U.S. Will Transfer Gitmo Child Soldier to Civilian Court, But Still Won’t Let Him Go
Monday, July 27, 2009 at 8:49 am
It wasn’t until late Friday afternoon that the Obama Justice Department, after years of wrangling over the fate of Mohammed Jawad, the Afghan boy arrested for allegedly lobbing a hand grenade at U.S. soldiers in 2002, admitted that it does not have enough evidence to continue to hold him indefinitely without trial under the laws of war.
That admission comes just days after the not-so-subtle declarations of Judge Ellen Huvelle of the U.S. District Court in Washington, D.C., that the case had been “gutted” by the government’s admission that Jawad’s confessions were elicited through torture, and the fact that it still, more than six years later, hadn’t produced a single reliable eye witness to the crime.
The Justice Department evidently realized it wasn’t going to get very far in the habeas corpus case. But it wasn’t prepared to relinquish its right to imprison Jawad altogether. On Friday, it insisted that it has sufficient “new” evidence to warrant a criminal investigation.
Here’s what the Justice Department said in the papers it filed with the court Friday:
[I]n light of the multiple eyewitness accounts that were not previously available for inclusion in the record – including videotaped interviews – as well as third-party statements previously set forth in the government’s factual return, . . . the Attorney General has directed that the criminal investigation of petitioner in connection with the allegation that petitioner threw a grenade at U.S. military personnel continue, and that it do so on an expedited basis. As the Court is aware, the standard for detention under the AUMF [Authorization for the Use of Military Force] is different than the elements that must be proved in a criminal prosecution, and thus a decision not to contest the writ does not resolve whether the current eyewitness testimony and other evidence, or additional evidence that may be developed, would support a criminal prosecution stemming from the attack on U.S. service members.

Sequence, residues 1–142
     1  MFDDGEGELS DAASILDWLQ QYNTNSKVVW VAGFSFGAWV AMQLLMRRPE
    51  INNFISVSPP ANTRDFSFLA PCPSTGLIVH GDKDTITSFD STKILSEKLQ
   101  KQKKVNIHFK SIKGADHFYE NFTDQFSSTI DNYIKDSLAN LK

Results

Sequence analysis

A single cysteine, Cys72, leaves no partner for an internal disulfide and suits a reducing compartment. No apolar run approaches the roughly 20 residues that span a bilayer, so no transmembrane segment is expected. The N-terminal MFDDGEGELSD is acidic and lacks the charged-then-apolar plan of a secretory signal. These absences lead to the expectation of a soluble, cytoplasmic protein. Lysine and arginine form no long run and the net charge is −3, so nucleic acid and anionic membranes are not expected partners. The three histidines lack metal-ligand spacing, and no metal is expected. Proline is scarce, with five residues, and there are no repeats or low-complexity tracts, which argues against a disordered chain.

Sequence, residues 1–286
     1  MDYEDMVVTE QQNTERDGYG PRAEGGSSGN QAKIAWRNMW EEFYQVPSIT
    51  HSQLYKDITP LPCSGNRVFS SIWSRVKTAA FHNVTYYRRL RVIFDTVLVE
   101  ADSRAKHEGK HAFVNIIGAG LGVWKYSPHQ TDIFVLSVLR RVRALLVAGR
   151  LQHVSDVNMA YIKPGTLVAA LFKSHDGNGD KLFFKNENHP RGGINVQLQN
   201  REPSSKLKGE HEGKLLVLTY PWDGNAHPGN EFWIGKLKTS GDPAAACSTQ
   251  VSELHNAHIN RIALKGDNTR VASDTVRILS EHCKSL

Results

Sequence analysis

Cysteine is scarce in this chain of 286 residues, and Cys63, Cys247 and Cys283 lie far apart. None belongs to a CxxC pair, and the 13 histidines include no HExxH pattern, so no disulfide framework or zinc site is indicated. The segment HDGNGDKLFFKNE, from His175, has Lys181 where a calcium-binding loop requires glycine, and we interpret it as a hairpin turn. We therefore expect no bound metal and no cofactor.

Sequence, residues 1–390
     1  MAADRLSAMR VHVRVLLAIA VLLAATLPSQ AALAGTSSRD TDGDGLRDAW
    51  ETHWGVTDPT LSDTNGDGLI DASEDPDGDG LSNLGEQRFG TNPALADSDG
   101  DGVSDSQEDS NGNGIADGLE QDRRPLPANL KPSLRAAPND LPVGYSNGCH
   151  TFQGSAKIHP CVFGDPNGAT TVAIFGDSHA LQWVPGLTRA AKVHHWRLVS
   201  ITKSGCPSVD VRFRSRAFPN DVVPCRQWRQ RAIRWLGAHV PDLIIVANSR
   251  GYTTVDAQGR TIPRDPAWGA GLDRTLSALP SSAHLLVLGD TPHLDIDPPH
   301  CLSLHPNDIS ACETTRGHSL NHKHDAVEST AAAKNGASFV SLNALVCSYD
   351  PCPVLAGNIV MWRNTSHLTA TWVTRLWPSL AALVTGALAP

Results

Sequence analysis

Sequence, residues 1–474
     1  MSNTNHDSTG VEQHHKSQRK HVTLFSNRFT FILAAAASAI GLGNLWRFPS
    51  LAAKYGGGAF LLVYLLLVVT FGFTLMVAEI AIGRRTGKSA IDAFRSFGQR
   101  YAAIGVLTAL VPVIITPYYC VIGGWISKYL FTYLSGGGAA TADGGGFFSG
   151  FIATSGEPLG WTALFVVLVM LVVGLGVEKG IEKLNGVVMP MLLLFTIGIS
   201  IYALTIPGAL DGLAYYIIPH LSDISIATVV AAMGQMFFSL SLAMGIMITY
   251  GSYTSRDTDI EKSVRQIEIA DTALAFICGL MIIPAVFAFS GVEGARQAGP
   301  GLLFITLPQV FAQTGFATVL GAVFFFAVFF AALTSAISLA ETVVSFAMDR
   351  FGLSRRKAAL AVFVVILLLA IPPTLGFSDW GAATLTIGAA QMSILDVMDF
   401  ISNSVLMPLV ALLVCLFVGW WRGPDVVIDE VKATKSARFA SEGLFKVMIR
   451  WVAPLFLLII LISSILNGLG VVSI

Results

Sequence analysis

Technically, that’s true. A habeas corpus proceeding is a civil case, and the burden of proof is different than in a criminal prosecution. In a civil case, the government has to prove its case only by “a preponderance of the evidence.” A criminal prosecution, however, requires proof “beyond a reasonable doubt.” But that’s actually a higher burden of proof. So how could the government prove a criminal case against Jawad and not be able to prove its right to hold him in his habeas case?
The answer couldn’t rely on the strength of the evidence: eyewitness testimony that Jawad committed a war crime would be strong evidence that would probably support the government’s claim that it could hold him indefinitely under the laws of war. The only way the government’s latest claim makes sense is if it’s now saying that throwing a grenade at U.S. soldiers is not a crime of war, but an ordinary criminal offense. But if that’s the case, then why did the U.S. government hold him for six and a half years at Guantanamo Bay as an enemy combatant? And can it really have “newly discovered” reliable eyewitness testimony almost seven years after the crime occurred? Or is it just that the Department of Justice realized it wasn’t going to be able to string along this particular federal judge who’s clearly become exasperated by the flimsiness of the government’s case?
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